In your article about the new role of big cities in the Information Age, you assert that ''Alvin Toffler, Roger Naisbitt, and other seers in the 1980s predicted that fax machines, the Internet, mobile phones, and similar high-tech gear would eliminate the need for face-to-face interaction'' (''Brighter lights for big cities,'' Social Issues, May 4).

Please explain exactly where you found me denying the need for face-to-face human interaction, since I have spent years in print and on the platform arguing that, even with the best technologies of today, there still is no substitute for some face-to-face contact. In The Third Wave (Bantam, 1981), in a chapter forecasting the current shift to home offices, you will find: '' would be a mistake to underestimate the need for direct face-to-face contact in business, and all the subliminal and non-verbal communication that accompanies that contact.''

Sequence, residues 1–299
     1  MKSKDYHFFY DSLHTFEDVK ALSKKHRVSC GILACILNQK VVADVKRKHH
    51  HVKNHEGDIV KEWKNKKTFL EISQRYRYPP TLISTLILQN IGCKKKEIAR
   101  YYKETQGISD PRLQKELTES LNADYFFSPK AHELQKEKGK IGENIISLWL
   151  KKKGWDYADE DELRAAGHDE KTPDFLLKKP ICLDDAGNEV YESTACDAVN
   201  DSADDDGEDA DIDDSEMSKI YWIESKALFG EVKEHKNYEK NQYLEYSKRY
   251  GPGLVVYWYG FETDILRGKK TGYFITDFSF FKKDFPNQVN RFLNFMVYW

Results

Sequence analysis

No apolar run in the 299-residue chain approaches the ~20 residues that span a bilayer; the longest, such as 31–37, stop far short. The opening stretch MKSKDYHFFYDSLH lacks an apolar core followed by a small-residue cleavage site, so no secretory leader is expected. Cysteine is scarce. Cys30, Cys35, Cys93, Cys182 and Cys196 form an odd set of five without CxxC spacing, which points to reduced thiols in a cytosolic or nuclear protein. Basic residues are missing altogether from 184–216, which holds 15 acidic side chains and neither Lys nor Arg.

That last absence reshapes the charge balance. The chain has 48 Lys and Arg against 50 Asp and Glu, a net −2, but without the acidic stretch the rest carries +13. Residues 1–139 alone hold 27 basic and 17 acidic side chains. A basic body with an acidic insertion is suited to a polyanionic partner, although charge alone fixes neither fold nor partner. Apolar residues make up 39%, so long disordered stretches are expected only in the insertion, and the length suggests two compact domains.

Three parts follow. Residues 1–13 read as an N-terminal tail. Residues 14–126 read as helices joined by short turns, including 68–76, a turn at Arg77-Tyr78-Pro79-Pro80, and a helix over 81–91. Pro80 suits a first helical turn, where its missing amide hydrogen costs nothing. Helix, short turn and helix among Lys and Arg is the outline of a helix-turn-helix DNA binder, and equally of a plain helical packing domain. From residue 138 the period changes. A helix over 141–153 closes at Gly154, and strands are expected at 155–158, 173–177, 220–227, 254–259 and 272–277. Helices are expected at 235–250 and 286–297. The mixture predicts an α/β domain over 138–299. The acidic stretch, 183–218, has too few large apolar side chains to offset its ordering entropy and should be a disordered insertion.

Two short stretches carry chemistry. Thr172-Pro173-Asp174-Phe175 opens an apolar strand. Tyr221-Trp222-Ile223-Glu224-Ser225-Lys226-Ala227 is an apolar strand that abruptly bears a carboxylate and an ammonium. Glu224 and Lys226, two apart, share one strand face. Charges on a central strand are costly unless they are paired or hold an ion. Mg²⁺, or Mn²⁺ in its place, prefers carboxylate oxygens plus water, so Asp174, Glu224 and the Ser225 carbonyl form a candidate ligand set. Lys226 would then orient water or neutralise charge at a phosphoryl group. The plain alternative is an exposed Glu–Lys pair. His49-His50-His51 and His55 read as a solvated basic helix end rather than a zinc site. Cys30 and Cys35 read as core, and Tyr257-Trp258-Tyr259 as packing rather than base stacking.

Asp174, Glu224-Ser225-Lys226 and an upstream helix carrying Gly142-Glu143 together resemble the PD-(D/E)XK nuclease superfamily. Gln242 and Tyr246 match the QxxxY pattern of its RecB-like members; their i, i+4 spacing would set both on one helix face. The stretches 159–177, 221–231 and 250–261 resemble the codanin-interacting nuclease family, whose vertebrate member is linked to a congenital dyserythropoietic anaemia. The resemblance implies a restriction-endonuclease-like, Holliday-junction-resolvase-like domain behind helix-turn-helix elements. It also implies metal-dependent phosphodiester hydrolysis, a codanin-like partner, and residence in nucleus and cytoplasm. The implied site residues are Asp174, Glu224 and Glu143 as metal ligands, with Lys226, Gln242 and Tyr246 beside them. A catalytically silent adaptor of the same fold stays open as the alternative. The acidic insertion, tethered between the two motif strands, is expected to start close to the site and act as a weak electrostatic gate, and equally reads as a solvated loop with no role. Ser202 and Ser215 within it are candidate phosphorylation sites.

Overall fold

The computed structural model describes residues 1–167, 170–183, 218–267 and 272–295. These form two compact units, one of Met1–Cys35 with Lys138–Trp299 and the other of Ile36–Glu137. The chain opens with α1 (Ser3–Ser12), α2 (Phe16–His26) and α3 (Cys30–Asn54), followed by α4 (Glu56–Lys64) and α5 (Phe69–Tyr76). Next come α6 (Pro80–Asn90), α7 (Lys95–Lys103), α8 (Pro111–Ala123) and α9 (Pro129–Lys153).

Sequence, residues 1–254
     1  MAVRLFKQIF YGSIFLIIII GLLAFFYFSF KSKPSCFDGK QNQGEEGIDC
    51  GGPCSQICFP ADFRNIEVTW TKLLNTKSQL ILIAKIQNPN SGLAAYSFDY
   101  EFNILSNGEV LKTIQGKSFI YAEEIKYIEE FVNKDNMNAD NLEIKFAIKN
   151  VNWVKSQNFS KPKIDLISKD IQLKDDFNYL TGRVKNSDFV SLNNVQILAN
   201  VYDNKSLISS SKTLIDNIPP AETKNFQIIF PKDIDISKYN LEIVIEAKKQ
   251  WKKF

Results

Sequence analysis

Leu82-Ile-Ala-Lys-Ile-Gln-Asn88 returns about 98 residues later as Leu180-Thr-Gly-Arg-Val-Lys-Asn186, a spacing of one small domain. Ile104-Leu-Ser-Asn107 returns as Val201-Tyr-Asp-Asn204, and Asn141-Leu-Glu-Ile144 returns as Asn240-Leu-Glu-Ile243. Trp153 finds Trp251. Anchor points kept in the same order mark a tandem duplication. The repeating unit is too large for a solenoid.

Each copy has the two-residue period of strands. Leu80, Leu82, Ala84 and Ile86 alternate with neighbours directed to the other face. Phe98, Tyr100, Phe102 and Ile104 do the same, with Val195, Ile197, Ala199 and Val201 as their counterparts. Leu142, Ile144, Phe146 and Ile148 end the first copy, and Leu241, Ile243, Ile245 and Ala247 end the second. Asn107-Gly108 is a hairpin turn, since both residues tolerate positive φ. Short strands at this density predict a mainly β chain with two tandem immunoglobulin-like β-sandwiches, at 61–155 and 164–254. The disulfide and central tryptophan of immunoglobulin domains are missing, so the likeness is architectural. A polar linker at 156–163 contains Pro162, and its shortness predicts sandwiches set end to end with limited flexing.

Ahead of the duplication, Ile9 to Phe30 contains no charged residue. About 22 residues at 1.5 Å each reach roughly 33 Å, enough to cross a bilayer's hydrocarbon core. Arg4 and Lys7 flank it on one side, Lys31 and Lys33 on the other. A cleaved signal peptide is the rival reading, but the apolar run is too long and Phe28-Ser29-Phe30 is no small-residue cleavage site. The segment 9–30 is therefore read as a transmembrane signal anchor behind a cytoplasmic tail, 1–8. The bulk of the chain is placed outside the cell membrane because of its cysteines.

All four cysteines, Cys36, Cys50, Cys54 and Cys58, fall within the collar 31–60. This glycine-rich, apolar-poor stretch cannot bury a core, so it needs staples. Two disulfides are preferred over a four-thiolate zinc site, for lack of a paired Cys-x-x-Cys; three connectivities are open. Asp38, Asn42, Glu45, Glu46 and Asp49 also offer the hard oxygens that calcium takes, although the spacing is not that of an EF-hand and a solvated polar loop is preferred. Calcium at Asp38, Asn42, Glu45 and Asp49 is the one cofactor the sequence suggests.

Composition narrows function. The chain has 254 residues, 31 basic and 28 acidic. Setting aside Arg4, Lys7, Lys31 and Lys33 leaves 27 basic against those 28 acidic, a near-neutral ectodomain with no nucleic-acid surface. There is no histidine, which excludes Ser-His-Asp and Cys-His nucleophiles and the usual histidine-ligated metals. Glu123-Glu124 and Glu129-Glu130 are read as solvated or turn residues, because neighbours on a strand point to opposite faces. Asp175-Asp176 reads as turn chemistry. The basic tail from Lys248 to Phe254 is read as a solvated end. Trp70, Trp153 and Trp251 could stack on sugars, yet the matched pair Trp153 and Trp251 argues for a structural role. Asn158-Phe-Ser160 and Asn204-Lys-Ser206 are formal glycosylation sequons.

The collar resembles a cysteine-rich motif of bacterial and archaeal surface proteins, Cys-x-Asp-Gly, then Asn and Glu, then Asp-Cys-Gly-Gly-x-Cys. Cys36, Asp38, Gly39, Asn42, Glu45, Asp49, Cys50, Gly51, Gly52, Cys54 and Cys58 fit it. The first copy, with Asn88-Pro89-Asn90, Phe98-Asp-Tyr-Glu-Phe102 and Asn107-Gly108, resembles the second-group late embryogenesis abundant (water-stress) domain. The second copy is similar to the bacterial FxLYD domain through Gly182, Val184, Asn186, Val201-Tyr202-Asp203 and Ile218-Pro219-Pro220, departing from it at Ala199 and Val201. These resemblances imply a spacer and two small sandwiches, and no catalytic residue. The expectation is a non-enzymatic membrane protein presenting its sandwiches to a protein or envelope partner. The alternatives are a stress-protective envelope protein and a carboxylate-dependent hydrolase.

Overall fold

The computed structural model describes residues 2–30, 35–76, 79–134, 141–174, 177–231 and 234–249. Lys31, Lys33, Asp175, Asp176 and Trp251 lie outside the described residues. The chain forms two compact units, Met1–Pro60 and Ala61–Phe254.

Alvin Toffler
Los Angeles

Updated June 11, 1998 by bwwebmaster
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